J.D. Salinger would have hated this movie.
Shane Salerno’s biopic about the beloved author of The Catcher in the Rye, who died in 2010, is overwrought, invasive, and full of unsubstantiated assertions and conjecture. Touted with a marketing campaign that invites viewers to “uncover the mystery” of why Salinger retreated from public life and ceased publishing new work in 1965, the film fails to deliver on its promise. Little is revealed that cannot be gleaned from reading the extant Salinger biographies, other than the film’s final disclosure (which, subsequently, has been widely reported) that there are five completed manuscripts that Salinger authorized for publication, which will be released between 2015 and 2020. The mystery that Salinger attempts to solve has nothing to do with how the writer captured on the page musings that speak to every new generation of sentient human beings and how his command of language stripped sentences and paragraphs to their perfect necessities and voice. The mystery that Salerno wants to answer is why Salinger willingly jumped off the fame juggernaut, resigned from being a public figure, and wrote voraciously with no desire to publish. Salerno can’t fathom the reasons for Salinger’s self-imposed seclusion in Cornish, N.H.; finding the key to what makes Salinger’s writing so universally adored hardly gets time under the microscope.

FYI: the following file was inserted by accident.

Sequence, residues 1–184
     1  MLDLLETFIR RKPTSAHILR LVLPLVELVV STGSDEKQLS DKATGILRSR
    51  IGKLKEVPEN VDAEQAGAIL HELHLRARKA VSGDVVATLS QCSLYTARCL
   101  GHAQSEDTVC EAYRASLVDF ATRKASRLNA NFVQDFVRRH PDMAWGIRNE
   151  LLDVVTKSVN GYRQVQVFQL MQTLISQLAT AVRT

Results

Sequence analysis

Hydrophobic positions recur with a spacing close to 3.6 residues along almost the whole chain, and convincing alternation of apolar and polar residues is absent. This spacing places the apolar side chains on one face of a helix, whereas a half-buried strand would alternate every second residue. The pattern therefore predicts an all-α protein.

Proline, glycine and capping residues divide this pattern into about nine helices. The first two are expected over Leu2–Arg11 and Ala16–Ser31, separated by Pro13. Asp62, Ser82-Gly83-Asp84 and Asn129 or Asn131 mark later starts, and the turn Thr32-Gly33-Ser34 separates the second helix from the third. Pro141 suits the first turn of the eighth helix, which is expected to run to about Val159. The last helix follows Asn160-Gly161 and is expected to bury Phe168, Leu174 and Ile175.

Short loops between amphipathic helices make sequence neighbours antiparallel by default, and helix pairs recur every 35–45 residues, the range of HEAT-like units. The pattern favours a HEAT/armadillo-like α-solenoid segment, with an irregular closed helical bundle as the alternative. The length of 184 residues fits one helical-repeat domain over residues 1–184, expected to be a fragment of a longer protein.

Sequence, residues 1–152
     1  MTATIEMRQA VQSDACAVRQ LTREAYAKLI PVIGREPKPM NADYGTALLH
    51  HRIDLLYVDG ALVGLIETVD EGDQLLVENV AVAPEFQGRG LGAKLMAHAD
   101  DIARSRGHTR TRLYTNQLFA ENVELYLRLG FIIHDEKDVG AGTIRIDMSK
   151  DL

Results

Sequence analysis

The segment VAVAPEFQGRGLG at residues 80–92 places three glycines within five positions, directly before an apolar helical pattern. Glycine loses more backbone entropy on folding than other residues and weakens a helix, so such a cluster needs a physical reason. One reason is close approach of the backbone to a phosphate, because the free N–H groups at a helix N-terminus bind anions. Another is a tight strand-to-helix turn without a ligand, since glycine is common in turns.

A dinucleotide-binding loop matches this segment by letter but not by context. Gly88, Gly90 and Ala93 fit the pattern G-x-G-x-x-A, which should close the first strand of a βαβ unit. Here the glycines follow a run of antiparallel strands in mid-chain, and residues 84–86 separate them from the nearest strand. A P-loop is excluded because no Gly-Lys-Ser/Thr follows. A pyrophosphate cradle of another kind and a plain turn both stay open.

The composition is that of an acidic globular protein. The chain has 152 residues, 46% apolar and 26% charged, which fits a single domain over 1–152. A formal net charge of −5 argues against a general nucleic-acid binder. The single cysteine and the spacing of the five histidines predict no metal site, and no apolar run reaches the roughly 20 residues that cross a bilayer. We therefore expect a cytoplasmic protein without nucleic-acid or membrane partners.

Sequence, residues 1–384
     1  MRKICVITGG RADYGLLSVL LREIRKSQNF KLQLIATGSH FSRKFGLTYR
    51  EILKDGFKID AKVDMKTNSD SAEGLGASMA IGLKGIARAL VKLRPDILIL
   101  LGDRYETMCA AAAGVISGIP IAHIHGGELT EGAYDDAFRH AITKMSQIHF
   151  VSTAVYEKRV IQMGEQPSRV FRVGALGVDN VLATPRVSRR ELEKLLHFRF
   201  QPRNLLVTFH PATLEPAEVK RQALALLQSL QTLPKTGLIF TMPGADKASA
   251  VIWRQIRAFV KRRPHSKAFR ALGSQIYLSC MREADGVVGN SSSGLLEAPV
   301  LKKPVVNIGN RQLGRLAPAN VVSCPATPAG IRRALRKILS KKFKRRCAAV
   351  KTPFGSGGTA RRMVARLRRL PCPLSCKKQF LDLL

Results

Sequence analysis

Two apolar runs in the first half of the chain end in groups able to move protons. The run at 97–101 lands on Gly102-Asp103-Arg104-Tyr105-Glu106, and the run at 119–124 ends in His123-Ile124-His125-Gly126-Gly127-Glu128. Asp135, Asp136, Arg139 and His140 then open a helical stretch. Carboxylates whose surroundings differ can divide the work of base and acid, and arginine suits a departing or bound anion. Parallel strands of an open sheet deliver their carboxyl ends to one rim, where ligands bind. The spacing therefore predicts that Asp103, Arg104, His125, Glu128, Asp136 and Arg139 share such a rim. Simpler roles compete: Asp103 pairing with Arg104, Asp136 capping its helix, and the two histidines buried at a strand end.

Salerno spends more time talking to photographers with telephoto lenses who, over the decades, laid in wait for Salinger in the hope of capturing a grainy picture, than he does talking to literary analysts and historians. Also clocking screen time are some old friends (though his latter-day friends and family are noticeable by their absence), and actors such as Philip Seymour Hoffman, John Cusack, and Martin Sheen. Unpersuasive reenactments and an unrevealing stage set also fill out the screen images of a man who chose to leave us with few images. A distractingly bombastic music design starts at a thundering pitch and has nowhere to go but further.
So it goes with many other aspects of this film. However, just as we were going to press, we were informed by the distributor, the Weinstein Company, that the movie I saw last week is not the same one you’re going to see when you go to the theatre. The film was originally released in New York and Los Angeles on September 6. A new cut of Salinger will open in Austin and 61 other cites on September 20. This “special edition” contains “new, never-before-seen material about Salinger's life, his complex relationships with young women, and footage of the iconic author.” I can’t imagine that this will make much substantial difference, though the new edit seems an obvious ploy to counteract the negative critical response the film has thus far received. The Hollywood Reporter states that "about 13 minutes of the original film were cut, while about eight minutes of new material were added." Does anyone really wonder why Salinger said goodbye to Hollywood?